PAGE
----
AML Package (2): Risk Management under the AML Regulation

AML Package Pt. 3: Risk Management under the AML Regulation | Sebastian Glaab & Till Christopher Otto

The AML package encompasses a multitude of changes compared to the previous legal framework. The third part of our series addresses the alterations in risk management for obligated entities.

Expansion of Internal Safeguard Measures

The components of internal risk management, as currently regulated in § 4 GwG, will henceforth be governed by the directly applicable AML Regulation (“AML-R”). The central norm here is Article 7 – Scope of internal policies, procedures, and controls of the AML-R.

Already in the first paragraph, a paradigm shift becomes apparent: the guidelines, processes, and controls to be introduced by obligated entities are intended not only to serve the risks of money laundering and terrorism financing but also specifically the risks arising from a lack of implementation of measures to enforce sanctions or circumvent them.

While the fundamental systematics are largely continued, there are some innovations under the AML-R compared to the previous legal framework:

Outsourcing and Reliance on Third-Party Identification Records

The internal policies and procedures should explicitly encompass regulations regarding outsourcing and reliance on third parties.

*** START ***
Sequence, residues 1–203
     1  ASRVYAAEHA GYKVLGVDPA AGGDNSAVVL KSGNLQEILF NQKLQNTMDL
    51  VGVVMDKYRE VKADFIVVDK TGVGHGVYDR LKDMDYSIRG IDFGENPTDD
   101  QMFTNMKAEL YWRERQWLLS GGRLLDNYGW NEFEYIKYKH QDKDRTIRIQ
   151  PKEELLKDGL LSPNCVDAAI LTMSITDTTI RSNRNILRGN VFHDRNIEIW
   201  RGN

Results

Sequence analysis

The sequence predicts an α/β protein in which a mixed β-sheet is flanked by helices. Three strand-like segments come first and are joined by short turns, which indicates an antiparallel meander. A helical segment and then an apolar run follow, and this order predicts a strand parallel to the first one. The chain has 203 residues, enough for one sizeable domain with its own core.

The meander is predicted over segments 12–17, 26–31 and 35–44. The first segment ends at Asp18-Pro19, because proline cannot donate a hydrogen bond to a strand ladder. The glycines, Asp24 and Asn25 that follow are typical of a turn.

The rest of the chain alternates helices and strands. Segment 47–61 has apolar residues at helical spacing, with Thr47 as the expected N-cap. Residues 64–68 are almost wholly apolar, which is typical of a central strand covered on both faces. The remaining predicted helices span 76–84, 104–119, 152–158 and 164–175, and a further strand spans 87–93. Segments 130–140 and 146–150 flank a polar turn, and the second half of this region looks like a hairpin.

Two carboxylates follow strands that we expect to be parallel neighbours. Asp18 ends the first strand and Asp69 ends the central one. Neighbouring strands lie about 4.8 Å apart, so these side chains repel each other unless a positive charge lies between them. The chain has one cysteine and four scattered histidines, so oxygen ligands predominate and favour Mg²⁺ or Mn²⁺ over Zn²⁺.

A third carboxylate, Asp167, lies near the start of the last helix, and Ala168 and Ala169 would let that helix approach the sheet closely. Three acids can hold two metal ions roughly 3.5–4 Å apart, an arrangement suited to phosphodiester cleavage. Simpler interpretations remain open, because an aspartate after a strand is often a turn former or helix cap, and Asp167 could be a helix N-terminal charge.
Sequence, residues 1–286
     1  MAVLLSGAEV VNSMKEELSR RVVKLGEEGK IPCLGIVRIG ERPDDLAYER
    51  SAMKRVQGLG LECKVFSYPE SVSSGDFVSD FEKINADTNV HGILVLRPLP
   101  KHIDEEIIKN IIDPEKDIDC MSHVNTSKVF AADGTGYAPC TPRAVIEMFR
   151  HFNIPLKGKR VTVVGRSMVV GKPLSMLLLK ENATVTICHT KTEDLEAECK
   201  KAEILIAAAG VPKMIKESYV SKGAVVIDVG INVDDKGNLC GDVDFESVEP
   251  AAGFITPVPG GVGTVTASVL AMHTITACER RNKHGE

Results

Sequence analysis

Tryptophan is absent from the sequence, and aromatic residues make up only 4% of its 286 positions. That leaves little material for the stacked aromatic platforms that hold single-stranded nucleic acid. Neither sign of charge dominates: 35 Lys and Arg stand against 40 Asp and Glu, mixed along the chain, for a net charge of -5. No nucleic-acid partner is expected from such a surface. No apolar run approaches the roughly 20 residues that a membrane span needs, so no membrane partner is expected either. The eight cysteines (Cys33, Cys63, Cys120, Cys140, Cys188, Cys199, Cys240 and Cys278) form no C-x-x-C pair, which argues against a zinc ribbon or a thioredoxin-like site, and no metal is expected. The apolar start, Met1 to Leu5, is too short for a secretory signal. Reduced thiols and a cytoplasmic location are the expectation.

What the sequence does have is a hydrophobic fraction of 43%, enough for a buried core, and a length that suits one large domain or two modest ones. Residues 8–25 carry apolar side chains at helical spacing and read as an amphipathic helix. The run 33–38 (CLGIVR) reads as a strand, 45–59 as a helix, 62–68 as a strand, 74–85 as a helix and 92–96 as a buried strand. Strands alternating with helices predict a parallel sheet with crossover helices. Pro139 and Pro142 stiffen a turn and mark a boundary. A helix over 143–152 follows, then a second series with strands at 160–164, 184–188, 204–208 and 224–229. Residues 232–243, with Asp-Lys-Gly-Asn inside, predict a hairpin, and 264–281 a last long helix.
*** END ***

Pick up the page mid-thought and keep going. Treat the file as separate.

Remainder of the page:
Assessment of Risk Management and Dealing with Deficiencies

The internal policies and procedures must include procedures for assessing the implemented policies and procedures, the implementation of processes for identifying and dealing with deficiencies, as well as remedial measures.

Communication of Policies and Procedures to Employees, Distribution Channels, and Agents

The policies and procedures should furthermore stipulate how the developed measures are communicated internally within the obligated entity. When utilizing external distribution companies or agents, the policies and procedures should also encompass communication with them.

Independent Audit of Policies and Procedures

A certain explosive potential lies in the obligation for the independent audit of the developed policies and procedures (Article 7 (2) lit. b) AML-R). According to this, the developed policies and procedures should be controlled and reviewed by an independent internal audit. In the absence of such an internal audit, the audit should be conducted by “external experts.”

For obligated entities in the financial sector that have a compliance organization following the three lines of defense model, as is standard for credit or securities institutions, the obligation does not pose a significant novelty. The regulation regarding independent audit is likely to be challenging for obligated entities outside the financial sector, such as lawyers or tax advisors, who typically do not have such an internal organization with independent audit capabilities. The obligation for external audit is likely to entail a significant additional workload here.


Leave a Reply

Your email address will not be published. Required fields are marked *

You May Also Like